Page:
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Peoria woman, 52, dies from excessive heat after electricity shut off earlier this month

52-year-old Henrietta Moore was found deceased at her apartment at Lexington Hills Thursday. Coroner Jamie Harwood says the death is heat related, as excessive temperatures exacerbated the effects of pre-existing medical conditions.
Collin Schopp
Henrietta Moore, 52, was found deceased at her apartment at Lexington Hills on Thursday. Peoria County Coroner Jamie Harwood said the death is heat-related, as excessive temperatures exacerbated the effects of the woman's pre-existing medical conditions.

Peoria County Coroner Jamie Harwood says a Peoria woman was found dead in her apartment after extreme heat exacerbated the effects of pre-existing, chronic medical conditions.

The Peoria Police Department and coroner’s office arrived at an apartment complex at 3415 Oakcrest Drive around 11:30 a.m. Thursday. A building manager had called to report the body of 52-year-old Henrietta Moore.

Officials found Moore in her apartment and she was pronounced dead at 12:07 p.m.

Harwood cannot specify what conditions led to Moore’s death due to HIPAA regulations. But he said there’s a wide range of illnesses made worse by excessive heat.

“Particularly respiratory illnesses, cardiac disease, renal disease, liver disease, things like that,” he said. “And then you add a heat insult to that where you can't remove yourself from that environment, it's going to be detrimental.”

There’s no foul play suspected or indication of trauma in Moore’s death.

“We don't think she would have passed away had it not been for the exacerbation of the heat and the implication of the heat on her body,” said Harwood, adding the power from Moore’s apartment was reportedly disconnected earlier this month.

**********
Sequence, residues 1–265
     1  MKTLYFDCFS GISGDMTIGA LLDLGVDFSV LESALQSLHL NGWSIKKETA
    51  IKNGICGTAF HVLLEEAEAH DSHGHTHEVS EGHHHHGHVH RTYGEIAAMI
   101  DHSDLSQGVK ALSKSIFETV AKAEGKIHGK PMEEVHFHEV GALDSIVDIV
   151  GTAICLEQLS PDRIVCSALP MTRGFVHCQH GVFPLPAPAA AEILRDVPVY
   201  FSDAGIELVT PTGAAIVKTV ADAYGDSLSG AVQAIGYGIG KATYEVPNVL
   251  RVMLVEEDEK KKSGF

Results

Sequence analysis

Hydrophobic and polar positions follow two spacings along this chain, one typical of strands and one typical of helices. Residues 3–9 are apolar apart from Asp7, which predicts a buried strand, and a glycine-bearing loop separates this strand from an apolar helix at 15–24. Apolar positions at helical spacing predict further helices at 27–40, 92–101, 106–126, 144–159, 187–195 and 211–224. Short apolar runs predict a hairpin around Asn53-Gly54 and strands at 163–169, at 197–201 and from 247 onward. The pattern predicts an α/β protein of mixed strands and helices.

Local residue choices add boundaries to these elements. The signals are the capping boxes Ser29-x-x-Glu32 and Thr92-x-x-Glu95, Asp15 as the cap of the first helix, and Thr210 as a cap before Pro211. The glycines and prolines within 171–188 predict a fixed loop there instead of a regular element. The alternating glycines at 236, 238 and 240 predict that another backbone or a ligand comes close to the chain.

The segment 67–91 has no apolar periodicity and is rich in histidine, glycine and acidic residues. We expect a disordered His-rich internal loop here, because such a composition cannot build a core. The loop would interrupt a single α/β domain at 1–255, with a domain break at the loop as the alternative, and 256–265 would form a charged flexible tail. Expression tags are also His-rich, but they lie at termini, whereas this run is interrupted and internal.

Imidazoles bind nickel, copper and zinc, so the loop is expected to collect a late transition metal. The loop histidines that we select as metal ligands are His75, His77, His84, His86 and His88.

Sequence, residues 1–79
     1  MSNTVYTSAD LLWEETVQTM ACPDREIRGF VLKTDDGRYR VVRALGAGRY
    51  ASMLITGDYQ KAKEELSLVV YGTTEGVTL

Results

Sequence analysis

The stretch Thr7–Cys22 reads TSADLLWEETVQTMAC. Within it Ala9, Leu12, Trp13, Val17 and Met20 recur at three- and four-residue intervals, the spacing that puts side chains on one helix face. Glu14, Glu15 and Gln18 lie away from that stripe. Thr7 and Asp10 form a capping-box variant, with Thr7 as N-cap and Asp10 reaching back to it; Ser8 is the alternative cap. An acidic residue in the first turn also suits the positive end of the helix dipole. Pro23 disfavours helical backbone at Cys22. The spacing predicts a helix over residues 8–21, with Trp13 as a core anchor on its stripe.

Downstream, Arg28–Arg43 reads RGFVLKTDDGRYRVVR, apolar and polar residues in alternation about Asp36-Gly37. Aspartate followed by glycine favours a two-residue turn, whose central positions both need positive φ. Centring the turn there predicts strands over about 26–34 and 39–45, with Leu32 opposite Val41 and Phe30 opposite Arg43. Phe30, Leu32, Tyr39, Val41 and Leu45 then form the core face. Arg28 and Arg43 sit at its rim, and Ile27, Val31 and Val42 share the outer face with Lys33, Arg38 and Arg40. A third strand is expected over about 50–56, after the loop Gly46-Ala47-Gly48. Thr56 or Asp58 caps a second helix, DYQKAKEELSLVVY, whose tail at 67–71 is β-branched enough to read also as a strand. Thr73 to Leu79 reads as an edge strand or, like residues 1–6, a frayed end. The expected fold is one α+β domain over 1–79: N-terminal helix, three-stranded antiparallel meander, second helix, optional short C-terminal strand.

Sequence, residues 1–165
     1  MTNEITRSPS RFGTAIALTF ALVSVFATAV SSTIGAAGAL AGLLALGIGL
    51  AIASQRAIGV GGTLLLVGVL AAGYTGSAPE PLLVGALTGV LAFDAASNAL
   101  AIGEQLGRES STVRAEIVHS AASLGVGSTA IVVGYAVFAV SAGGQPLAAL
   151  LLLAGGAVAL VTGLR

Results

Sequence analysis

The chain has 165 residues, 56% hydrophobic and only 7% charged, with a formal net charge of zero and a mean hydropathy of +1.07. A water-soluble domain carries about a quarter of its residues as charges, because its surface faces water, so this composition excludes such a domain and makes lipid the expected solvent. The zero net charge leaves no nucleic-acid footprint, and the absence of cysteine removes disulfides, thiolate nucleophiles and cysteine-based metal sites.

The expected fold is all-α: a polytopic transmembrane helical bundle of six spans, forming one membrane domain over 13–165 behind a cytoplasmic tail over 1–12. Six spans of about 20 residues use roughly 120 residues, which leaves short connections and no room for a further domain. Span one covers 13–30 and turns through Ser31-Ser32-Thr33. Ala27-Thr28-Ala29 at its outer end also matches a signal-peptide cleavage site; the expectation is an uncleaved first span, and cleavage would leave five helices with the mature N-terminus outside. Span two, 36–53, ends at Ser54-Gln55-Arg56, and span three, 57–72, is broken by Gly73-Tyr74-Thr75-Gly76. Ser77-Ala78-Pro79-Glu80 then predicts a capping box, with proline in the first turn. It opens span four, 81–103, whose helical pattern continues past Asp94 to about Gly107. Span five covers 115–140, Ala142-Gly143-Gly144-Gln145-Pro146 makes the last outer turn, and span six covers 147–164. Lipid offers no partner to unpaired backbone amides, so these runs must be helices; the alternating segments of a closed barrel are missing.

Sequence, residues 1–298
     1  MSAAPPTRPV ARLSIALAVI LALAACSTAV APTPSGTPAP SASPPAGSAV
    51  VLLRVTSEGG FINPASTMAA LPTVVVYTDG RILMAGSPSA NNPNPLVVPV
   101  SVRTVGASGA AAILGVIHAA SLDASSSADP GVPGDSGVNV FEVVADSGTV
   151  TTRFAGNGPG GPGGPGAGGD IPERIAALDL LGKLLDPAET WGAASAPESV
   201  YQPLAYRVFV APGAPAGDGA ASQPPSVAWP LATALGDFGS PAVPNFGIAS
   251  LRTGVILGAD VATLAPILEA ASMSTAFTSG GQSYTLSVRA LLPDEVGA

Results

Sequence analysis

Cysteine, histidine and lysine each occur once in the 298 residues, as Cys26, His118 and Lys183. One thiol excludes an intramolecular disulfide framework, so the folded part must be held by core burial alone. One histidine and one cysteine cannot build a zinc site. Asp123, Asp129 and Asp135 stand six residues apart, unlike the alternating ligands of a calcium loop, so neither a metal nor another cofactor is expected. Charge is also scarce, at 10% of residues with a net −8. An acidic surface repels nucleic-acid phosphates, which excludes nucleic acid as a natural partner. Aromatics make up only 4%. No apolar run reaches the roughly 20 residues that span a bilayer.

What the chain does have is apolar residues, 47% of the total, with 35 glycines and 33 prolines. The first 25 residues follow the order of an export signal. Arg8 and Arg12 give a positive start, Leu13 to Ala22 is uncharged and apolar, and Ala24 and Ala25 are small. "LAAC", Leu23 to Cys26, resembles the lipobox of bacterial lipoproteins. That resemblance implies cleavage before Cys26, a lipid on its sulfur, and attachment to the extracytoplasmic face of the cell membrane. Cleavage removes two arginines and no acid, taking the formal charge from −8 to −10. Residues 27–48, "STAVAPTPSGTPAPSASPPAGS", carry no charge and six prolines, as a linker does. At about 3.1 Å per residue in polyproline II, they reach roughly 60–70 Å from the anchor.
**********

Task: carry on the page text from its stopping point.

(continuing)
He said Ameren notified the building manager her apartment was cut off on July 7, 2023.

Ameren Illinois Communications Director Tucker Kennedy said the utility doesn't do new disconnections during heat advisories or excessive heat warnings from the National Weather Service.

Ameren policy and state law do not have any sort of mechanism in place to restore disconnected service when a heat advisory or warning is announced.

While this week’s heat indices reached over 100 degrees, Harwood said risk factors from being in an uncooled, stagnant apartment with existing medical conditions can start at considerably lower temperatures.

“It's like being in a hot car, how fast the temperature on a car can go up, just being outside in 85 degree heat and how fast that happens,” he said. “Your temperature can go up in the car, you know, to 100 degrees in a matter of 20 minutes.”

If you experience symptoms like headache, light headedness, dizziness, blurred vision, muscle cramping, or profuse sweating, Harwood said to immediately get out of the heat. Rehydrate by drinking water as soon as possible. If you don’t have the ability to do that yourself, he recommends calling 911.

There are cooling centers available in Peoria. City-owned buildings like the police department are available from 9 a.m. to 5 p.m. Fire stations are cooling centers open from 7 a.m. to 10 p.m. You also can find a list of local agencies that act as cooling centers here.

If you’re at risk of having your utilities disconnected, you can contact Ameren customer service to learn more about energy assistance programs here, or by calling 1-800-755-5000. You also can find assistance throughHeart of Illinois United Way or Peoria Township.

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Collin Schopp is a reporter at WCBU. He joined the station in 2022.